In addition to local investorsÂ — as well as prominent figures in the American Jewish community, including Sen. Frank Lautenberg, publisher Mort Zuckerman, and the foundations ofÂ Steven Spielberg, Elie WieselÂ — who lost large sums of money to Madoff, the AJW was told that relatively small investors also were victimized.
“I never knew that you could have a relatively small account with that guy,” said a local reputable source, who previously thought that Madoff’s threshold was at least a million dollars. “He made himself out to be extremely exclusive,” but some families invested as little as $50,000 with Madoff’s scam operation in New York City.
“People who got in with the small dollars” felt as if Madoff had granted a “personal favor to let them in,” said the AJW’s source. “You felt privileged to have your money with him, because he always made money, year in and year out – even when Warren Buffett lost money, this guy still made money.”
(Jacob Berkman of JTA contributed to this story.)
FROM THE AMERICAN JEWISH WORLD / December 19, 2008
More details are coming out about Jews and Jewish groups defrauded by Bernie Madoff. The Philanthropy Journal, in a Dec. 17 news roundup, reported that the Associated Press puts losses to Jewish philanthropy as a whole at between $600 million and $1 billion. This figure is likely on the low end, and does not account for all of the family charitable trusts invested with Madoff (as mentioned by Harold Roitenberg above).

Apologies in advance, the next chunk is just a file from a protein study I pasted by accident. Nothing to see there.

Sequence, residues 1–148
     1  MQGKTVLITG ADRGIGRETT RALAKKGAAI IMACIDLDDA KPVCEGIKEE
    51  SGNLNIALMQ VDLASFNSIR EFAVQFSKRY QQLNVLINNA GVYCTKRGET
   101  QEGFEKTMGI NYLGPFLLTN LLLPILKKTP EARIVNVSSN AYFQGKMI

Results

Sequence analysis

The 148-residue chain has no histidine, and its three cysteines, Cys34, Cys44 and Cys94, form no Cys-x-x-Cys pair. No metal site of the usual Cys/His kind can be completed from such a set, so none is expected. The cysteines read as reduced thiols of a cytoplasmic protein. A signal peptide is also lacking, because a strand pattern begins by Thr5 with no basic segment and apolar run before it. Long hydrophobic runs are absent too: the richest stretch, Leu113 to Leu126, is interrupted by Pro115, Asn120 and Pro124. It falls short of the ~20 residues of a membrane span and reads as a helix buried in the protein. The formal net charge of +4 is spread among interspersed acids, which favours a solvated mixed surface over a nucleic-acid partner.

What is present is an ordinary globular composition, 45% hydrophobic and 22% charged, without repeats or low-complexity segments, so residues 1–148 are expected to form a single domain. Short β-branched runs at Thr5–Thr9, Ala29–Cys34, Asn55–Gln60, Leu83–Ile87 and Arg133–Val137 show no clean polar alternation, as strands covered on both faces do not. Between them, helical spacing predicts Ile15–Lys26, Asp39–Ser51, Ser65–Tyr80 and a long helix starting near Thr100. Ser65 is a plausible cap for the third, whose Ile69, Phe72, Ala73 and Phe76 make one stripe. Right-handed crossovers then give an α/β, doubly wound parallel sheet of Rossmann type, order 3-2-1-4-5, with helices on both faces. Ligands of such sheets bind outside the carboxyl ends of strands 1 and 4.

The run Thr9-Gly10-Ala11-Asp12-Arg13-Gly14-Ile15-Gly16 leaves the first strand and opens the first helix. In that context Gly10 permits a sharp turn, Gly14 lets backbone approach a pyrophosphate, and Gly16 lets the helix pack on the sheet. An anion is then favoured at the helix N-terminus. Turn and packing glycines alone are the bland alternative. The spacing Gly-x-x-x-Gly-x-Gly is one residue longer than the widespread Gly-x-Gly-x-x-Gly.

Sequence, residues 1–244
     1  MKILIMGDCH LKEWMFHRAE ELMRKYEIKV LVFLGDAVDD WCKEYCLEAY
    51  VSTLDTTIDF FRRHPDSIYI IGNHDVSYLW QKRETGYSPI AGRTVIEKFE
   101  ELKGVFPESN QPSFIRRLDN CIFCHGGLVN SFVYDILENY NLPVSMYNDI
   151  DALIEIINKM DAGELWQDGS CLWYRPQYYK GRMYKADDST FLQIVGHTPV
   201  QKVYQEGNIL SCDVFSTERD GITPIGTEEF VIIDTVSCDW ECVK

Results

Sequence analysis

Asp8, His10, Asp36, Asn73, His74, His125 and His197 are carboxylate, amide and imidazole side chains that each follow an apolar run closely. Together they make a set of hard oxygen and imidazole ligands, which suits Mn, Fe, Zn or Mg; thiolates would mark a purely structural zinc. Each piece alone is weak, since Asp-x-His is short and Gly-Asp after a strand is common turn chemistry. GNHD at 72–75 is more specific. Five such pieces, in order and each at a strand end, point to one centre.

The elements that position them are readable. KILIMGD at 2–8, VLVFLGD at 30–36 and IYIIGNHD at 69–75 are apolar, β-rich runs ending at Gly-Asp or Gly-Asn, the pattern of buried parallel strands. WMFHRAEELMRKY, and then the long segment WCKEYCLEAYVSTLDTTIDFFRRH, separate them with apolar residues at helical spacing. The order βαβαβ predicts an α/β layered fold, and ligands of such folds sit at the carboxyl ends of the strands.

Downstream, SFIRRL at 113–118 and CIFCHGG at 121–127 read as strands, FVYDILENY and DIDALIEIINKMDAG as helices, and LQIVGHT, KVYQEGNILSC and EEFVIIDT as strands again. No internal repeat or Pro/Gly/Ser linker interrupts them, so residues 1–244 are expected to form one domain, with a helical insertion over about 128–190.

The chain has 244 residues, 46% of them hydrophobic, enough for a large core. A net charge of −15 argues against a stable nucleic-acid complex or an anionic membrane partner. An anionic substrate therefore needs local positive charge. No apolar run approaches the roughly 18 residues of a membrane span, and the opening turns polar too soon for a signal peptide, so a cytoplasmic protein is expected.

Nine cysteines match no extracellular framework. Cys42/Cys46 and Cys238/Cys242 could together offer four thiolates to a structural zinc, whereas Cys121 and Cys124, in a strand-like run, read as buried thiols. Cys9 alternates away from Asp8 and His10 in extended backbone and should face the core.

Yeshiva University officials now say that they have lost $110 million that was invested with Madoff. Hadassah–The American Women’s Zionist Organization, Inc., which operates medical centers in Israel (including Hadassah-Ein Kerem Hospital, which I visited in November), lost $90 million in the scam.Â Hadassah PresidentÂ Nancy Falchuk addresses economic hard times and the Madoff sting in a Web video.Â
I found a list of Madoff’s victims in the New York Times, and noticed that Technion, the Israel Institute of Technology had lost $26.5 million. However, a spokesperson for the American Technion Society told me that their group had lost $72 million — a fourth of their portfolio — in the scam. Here is part of their statement:Â